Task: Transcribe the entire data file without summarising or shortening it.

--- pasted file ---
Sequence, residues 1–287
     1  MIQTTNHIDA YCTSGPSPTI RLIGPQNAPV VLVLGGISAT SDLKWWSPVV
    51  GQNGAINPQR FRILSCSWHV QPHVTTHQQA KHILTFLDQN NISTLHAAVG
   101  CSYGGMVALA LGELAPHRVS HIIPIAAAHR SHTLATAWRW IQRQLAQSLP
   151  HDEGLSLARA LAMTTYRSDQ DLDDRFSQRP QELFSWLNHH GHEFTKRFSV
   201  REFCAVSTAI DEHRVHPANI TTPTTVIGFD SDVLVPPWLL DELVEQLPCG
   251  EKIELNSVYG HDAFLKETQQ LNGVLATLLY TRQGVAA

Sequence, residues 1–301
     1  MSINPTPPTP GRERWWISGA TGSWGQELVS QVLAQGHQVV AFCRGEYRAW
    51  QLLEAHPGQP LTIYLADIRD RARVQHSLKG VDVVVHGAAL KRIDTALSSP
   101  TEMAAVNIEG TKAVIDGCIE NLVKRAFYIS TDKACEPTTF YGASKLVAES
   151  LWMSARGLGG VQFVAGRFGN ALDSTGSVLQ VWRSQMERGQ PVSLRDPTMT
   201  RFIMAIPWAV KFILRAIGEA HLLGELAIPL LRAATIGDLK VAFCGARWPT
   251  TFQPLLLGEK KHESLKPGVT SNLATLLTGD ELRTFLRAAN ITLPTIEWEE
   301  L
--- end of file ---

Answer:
Sequence, residues 1–287
     1  MIQTTNHIDA YCTSGPSPTI RLIGPQNAPV VLVLGGISAT SDLKWWSPVV
    51  GQNGAINPQR FRILSCSWHV QPHVTTHQQA KHILTFLDQN NISTLHAAVG
   101  CSYGGMVALA LGELAPHRVS HIIPIAAAHR SHTLATAWRW IQRQLAQSLP
   151  HDEGLSLARA LAMTTYRSDQ DLDDRFSQRP QELFSWLNHH GHEFTKRFSV
   201  REFCAVSTAI DEHRVHPANI TTPTTVIGFD SDVLVPPWLL DELVEQLPCG
   251  EKIELNSVYG HDAFLKETQQ LNGVLATLLY TRQGVAA

Sequence, residues 1–301
     1  MSINPTPPTP GRERWWISGA TGSWGQELVS QVLAQGHQVV AFCRGEYRAW
    51  QLLEAHPGQP LTIYLADIRD RARVQHSLKG VDVVVHGAAL KRIDTALSSP
   101  TEMAAVNIEG TKAVIDGCIE NLVKRAFYIS TDKACEPTTF YGASKLVAES
   151  LWMSARGLGG VQFVAGRFGN ALDSTGSVLQ VWRSQMERGQ PVSLRDPTMT
   201  RFIMAIPWAV KFILRAIGEA HLLGELAIPL LRAATIGDLK VAFCGARWPT
   251  TFQPLLLGEK KHESLKPGVT SNLATLLTGD ELRTFLRAAN ITLPTIEWEE
   301  L